According to ESPN writer Mark Simon, what has made K-Rod so devastating in his career has been his combination of very effective breaking balls and change-ups in two-strike counts. In his June 4th article, Simon shows that K-Rod's breaking pitches aren't nearly as effective as they had been in the past. As a result, K-Rod is having much more difficulty getting outs this year. This is obvious for us Mets fans.
The article recalls how K-Rod was deadly in 2004 against opponents with 0-2 counts, letting only 3 out of 75 opponents get on base (.040 OBP). As of June 4th 2010, opponents now have a .308 OBP after K-Rod had gotten ahead of them 0-2. He's simply not putting them away the way he used to.
What has happened? Simon used ESPN's Insider Edge video review data to take a much closer look at what's happening when K-Rod gets two strikes on a hitter.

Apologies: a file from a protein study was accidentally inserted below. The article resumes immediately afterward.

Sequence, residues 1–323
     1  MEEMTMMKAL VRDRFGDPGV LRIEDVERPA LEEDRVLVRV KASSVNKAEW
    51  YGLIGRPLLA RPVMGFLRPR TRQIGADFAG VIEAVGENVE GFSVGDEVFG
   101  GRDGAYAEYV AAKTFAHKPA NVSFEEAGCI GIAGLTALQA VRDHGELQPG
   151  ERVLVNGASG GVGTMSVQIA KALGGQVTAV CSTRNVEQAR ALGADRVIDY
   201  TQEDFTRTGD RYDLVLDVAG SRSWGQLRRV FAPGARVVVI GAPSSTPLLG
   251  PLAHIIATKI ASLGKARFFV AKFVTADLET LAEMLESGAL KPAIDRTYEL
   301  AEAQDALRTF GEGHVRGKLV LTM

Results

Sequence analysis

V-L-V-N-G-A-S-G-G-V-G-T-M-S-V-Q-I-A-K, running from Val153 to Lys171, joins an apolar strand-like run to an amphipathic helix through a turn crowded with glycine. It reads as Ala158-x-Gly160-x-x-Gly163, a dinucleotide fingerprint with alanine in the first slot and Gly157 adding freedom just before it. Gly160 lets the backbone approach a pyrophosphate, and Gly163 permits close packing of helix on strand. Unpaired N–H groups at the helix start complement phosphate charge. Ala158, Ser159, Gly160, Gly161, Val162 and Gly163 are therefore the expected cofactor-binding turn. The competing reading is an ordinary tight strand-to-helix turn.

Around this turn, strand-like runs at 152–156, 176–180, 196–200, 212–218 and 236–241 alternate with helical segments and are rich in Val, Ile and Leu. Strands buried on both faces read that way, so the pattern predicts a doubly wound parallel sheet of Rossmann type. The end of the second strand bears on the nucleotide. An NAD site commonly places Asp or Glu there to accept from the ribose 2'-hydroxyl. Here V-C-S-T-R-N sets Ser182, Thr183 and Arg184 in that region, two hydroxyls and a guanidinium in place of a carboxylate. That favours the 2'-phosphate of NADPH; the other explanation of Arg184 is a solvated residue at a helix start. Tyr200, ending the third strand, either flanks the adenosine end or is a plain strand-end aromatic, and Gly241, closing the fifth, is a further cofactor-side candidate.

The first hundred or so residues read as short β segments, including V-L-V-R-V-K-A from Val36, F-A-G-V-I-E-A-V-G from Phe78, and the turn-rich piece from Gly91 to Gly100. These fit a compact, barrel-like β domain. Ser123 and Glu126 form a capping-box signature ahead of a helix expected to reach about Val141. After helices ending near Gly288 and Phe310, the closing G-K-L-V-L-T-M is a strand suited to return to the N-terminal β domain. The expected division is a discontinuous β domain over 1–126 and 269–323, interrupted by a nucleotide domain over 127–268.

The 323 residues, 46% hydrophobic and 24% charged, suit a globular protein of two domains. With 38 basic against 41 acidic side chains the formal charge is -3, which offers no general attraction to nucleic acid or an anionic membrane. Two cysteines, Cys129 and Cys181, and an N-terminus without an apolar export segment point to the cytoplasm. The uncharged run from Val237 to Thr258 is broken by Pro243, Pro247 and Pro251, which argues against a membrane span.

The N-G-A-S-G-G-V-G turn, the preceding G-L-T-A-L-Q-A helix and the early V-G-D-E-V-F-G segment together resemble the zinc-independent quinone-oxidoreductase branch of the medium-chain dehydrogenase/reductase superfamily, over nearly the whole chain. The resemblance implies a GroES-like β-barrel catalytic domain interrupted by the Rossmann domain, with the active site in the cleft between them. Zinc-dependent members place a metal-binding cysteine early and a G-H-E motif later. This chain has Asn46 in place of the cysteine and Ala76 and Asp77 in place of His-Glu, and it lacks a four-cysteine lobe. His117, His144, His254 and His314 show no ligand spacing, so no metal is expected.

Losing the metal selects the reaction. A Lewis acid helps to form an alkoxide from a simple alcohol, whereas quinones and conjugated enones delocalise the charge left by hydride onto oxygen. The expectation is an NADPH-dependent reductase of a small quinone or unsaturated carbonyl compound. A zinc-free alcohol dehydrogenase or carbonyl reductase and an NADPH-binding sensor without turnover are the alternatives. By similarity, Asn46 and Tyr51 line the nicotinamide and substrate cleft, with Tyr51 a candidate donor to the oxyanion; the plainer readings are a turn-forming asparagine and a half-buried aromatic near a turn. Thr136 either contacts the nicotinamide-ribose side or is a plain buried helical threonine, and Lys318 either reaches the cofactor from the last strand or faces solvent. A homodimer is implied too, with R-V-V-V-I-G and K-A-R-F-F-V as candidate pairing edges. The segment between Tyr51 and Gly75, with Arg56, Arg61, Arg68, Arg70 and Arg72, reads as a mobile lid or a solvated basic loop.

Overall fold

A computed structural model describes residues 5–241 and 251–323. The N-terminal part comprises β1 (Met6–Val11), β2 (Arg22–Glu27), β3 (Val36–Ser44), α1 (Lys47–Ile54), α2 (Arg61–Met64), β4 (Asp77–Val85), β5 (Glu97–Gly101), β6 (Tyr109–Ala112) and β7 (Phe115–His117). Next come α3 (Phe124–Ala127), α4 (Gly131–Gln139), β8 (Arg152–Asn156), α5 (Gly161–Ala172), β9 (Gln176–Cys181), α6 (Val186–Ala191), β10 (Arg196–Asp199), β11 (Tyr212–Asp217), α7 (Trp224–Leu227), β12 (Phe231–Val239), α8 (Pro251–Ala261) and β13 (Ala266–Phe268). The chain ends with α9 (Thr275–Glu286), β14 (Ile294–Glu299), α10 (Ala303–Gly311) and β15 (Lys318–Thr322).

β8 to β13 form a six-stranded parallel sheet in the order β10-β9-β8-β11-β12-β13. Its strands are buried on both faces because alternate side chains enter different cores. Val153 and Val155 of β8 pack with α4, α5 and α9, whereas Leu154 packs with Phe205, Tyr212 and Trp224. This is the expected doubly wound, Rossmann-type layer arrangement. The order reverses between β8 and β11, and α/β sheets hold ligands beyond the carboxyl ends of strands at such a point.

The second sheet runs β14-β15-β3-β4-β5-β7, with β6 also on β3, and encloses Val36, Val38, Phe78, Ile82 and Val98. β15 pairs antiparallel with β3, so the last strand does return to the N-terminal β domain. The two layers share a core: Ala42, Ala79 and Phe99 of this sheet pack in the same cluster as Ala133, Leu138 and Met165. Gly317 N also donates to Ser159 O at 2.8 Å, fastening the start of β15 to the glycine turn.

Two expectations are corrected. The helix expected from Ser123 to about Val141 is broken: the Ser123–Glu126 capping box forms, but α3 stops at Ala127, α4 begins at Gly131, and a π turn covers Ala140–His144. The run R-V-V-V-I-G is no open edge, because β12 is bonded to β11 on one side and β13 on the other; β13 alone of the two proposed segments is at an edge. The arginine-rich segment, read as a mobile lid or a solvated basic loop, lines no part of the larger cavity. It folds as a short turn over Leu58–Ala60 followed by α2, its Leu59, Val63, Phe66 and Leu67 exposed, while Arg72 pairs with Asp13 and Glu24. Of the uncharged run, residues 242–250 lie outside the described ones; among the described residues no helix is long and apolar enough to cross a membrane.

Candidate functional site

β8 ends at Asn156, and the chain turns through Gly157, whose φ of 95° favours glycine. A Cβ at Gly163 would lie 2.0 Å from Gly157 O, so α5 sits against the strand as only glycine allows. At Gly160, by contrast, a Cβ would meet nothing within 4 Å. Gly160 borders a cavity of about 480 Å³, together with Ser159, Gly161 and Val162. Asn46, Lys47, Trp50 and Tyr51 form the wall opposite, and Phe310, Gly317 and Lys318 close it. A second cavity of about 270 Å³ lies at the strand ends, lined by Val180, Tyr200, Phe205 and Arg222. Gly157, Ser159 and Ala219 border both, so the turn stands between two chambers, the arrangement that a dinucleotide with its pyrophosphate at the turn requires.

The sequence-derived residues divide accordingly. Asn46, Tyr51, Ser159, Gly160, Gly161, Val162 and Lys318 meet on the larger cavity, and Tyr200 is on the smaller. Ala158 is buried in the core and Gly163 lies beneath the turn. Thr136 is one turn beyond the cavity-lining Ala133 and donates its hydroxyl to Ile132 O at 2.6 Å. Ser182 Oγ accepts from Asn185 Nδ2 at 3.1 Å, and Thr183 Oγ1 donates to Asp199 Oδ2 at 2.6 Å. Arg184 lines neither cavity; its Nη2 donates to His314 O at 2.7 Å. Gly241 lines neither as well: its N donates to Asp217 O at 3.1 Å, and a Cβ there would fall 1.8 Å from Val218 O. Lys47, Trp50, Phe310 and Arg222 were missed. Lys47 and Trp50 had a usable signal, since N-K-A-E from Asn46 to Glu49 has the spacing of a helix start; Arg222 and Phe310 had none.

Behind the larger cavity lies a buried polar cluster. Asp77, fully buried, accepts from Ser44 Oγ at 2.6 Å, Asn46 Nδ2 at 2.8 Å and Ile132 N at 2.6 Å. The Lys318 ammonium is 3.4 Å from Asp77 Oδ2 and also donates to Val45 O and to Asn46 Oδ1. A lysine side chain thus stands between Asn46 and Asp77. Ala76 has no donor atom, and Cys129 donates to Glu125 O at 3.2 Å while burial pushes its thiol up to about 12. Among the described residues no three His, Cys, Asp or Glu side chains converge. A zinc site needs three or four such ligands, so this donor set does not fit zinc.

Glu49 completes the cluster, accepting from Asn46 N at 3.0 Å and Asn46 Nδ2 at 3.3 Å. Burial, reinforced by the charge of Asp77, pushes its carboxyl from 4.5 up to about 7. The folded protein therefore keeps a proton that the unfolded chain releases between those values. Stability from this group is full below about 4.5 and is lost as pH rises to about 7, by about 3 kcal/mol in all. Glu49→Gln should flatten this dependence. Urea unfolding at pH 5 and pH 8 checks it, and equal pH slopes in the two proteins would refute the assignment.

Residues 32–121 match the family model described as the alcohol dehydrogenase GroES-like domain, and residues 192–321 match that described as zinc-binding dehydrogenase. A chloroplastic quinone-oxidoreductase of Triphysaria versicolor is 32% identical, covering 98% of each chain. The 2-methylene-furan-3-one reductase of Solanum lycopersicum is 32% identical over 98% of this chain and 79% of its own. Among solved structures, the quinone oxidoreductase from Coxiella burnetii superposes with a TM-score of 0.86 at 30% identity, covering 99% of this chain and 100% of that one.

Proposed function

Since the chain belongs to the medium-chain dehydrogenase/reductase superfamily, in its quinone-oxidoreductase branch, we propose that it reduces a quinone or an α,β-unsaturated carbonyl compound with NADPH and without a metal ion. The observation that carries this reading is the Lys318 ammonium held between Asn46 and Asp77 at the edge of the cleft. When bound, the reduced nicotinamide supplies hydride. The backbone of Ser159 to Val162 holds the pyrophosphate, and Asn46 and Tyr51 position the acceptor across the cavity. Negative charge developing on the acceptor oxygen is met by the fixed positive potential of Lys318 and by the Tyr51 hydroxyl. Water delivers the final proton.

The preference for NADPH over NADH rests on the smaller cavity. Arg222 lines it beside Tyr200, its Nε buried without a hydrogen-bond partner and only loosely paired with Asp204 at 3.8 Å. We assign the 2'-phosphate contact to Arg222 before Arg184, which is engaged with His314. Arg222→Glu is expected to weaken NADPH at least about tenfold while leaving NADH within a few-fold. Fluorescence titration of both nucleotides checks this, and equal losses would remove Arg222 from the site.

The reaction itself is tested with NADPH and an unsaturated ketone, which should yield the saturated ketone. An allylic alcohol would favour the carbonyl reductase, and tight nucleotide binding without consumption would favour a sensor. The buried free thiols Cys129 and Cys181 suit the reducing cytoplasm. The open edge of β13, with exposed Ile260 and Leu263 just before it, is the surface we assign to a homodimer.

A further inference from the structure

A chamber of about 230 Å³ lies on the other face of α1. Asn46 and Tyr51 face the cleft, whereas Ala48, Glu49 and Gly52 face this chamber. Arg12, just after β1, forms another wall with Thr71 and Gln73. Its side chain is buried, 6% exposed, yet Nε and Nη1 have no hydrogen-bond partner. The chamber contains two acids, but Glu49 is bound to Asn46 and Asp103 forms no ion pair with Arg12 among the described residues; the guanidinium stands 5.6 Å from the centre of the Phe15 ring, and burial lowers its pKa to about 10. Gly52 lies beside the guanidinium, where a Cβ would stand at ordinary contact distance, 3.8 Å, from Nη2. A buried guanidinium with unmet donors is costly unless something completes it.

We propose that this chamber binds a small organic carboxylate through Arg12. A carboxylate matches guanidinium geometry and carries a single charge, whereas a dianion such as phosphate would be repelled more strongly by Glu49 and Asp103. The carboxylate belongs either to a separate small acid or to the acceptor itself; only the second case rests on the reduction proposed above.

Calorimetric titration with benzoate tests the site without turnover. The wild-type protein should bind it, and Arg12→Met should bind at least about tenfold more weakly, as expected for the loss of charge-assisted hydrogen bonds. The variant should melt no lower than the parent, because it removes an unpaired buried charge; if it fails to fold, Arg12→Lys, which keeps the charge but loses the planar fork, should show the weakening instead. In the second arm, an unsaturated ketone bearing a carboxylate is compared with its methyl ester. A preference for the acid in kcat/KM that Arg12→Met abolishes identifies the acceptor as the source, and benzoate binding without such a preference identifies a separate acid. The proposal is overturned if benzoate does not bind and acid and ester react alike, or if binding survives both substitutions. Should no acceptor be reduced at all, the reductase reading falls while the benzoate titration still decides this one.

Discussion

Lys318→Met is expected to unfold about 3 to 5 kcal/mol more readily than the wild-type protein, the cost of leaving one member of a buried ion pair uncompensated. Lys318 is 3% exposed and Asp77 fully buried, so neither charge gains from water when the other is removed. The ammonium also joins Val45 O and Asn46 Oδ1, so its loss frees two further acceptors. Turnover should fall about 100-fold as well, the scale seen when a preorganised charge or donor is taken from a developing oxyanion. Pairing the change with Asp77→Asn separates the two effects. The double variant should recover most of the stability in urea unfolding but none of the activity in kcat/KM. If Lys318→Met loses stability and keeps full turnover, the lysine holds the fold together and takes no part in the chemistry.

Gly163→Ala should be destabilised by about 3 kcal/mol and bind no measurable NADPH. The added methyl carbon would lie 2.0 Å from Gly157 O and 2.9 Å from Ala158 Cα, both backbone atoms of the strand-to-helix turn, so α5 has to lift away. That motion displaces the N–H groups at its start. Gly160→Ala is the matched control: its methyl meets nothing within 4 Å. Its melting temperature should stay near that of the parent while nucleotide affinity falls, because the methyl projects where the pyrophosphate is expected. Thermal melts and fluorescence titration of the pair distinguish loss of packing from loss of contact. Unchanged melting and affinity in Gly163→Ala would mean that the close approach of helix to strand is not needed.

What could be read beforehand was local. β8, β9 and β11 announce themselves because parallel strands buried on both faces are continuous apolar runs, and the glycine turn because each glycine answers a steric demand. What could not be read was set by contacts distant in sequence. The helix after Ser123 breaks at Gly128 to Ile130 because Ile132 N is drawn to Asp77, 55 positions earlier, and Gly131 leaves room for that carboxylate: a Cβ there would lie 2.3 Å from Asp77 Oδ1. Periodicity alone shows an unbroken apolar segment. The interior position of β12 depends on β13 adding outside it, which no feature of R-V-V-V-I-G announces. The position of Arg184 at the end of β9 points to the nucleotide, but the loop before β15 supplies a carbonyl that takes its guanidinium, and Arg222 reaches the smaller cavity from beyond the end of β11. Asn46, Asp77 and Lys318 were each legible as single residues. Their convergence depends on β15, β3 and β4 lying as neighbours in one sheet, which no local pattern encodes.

He concluded that while K-Rod's fastball is down from 97 mph to 91, what may be more problematic is a greatly reduced effectiveness of his breaking pitches in two strike counts.
In fact, Simon's data shows that opponents' batting averages against K-Rod's breaking pitches in two strike counts have dramatically increased over the last three years.
.115 in 2008
.286 in 2009
.333 in 2010 (as of a month ago)
Simon's conclusion suggests that while hitters were at K-Rod's mercy when he could use any of four pitches to strike you out with, it's a different story when it's just the fastball and the change up.
I will be very curious to see how effective his curve and slider are as "out" pitches from now on.